In his monumental “The evolution of knowledge”, Jürgen Renn describes a sequence of three punctuated equilibria along the way humans have so far dealt with knowledge – and therefore with uncertainty, too. First comes a period where our ancestors lived in small non-sedentary communities (1). The evolution of biological features ranging from the shape of human bodies to the functioning of our brains enabled them to learn about the world they lived in. With the neolithic revolution, knowledge was then increasingly connected to the material infrastructures of cities, ships, tools, and more (2). People lived in stratified societies with a central authority – be it an individual or an institutionalized collective - claiming control over some territory. Of course, uncertainty was a normal aspect of life, but when it led to doubts threatening the social order, sophisticated explanations combined with violence could often make such doubts ineffective. Those explanations were elaborated by elites whose works of art and scientific knowledge rightly impress us today. The transition to the third phase started nearly a millennium ago in Europe (3). There, craftmanship evolved into a division of labor based on lifetime learning that begun with apprenticeships for different occupations. It is often overlooked that academic knowledge and institutions developed hand in hand with this culture of lifetime learning in a community of practice. A key achievement of the resulting fabric of science and technology was the ability to manage the risks and uncertainties of investing capital, using concepts of probability and optimization. Paradoxically, this ability has led humankind to the global risks and uncertainties of the Anthropocene. Developing concepts and institutions adequate to this challenge will take a long process of inquiry. An illustrative example is given by the future of the car as means of transport and cult object.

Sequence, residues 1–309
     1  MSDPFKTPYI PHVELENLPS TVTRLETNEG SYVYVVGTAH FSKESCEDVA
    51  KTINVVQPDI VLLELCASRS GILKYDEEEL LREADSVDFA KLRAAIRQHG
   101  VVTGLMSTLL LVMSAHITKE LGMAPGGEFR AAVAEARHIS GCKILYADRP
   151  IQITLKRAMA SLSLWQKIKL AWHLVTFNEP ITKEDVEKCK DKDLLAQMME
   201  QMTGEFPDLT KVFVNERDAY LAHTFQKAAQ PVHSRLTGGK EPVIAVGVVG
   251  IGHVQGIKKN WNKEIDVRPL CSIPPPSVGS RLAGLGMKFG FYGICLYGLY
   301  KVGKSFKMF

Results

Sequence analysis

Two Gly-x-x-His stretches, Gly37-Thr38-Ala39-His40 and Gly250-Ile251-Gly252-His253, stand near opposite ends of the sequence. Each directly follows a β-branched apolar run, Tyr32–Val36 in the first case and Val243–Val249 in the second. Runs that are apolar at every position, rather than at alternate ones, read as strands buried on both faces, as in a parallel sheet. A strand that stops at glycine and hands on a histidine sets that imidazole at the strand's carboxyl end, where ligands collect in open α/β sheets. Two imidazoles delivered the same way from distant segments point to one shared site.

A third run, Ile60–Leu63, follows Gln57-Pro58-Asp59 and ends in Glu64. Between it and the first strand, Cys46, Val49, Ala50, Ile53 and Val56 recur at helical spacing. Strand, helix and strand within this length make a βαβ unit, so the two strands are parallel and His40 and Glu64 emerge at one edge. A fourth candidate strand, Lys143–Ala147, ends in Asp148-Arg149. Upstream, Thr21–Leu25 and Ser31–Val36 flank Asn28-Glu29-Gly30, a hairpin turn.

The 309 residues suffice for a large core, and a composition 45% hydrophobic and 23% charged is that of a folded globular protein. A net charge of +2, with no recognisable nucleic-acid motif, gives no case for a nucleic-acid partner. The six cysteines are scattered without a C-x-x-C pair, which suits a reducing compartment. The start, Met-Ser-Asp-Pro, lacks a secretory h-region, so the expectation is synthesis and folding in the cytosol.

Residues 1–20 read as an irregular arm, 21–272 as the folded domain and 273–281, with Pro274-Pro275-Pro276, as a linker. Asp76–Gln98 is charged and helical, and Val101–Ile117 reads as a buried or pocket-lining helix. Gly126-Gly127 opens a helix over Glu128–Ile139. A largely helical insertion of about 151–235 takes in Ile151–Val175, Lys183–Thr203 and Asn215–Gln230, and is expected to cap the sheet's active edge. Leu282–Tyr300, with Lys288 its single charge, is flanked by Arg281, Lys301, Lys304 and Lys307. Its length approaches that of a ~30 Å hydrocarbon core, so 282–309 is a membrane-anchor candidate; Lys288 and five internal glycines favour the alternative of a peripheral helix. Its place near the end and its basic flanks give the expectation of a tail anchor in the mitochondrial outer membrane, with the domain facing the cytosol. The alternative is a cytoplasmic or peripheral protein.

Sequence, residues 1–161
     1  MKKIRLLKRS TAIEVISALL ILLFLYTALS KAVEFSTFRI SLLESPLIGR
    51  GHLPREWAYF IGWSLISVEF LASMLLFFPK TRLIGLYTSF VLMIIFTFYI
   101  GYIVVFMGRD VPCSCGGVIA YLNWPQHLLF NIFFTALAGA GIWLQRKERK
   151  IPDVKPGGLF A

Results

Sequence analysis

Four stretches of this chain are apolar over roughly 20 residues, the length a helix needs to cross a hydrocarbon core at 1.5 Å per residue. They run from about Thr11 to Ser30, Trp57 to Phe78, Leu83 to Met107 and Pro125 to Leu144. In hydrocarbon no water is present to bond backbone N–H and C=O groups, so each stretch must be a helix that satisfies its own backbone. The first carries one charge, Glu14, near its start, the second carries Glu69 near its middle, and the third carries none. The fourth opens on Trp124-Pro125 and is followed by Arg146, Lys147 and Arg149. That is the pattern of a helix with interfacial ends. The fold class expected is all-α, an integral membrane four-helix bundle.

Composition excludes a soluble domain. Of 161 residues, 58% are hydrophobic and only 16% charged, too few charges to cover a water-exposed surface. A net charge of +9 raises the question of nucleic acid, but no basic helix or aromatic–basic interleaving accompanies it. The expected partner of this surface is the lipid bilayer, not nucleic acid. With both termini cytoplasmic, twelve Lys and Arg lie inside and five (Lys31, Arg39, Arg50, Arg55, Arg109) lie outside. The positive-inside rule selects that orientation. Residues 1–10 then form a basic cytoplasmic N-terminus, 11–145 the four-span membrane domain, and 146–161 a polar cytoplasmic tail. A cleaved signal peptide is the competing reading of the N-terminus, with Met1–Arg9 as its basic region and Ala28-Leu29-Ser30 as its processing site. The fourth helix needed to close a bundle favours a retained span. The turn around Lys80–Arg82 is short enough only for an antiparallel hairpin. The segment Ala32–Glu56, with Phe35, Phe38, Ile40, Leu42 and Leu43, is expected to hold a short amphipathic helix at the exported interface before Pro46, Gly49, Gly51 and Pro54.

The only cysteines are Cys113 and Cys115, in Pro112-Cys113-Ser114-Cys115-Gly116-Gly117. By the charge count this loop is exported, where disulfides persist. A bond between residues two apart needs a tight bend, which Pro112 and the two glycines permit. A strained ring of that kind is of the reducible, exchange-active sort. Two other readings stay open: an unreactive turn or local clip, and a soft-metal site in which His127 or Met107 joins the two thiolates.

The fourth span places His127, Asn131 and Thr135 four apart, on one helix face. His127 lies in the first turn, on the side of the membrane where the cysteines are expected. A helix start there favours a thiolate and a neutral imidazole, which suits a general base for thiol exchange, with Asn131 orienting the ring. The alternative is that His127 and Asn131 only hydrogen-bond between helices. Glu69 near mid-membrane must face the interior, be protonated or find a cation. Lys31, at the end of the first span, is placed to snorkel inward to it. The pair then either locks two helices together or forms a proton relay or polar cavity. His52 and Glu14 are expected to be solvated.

Can data make room for uncertainty? And if so, what kind? This talk will discuss some humanists' concerns about the growth of data-driven scholarship. Digital humanists, so the argument, stand to benefit from taking some of these objections seriously. They point to real epistemological differences between "data" as the term is used and the traditional practices of humanistic scholarship. Understanding this tension can help understand both data and the humanities more fully — and point to some exciting future directions for data-engaged scholarship.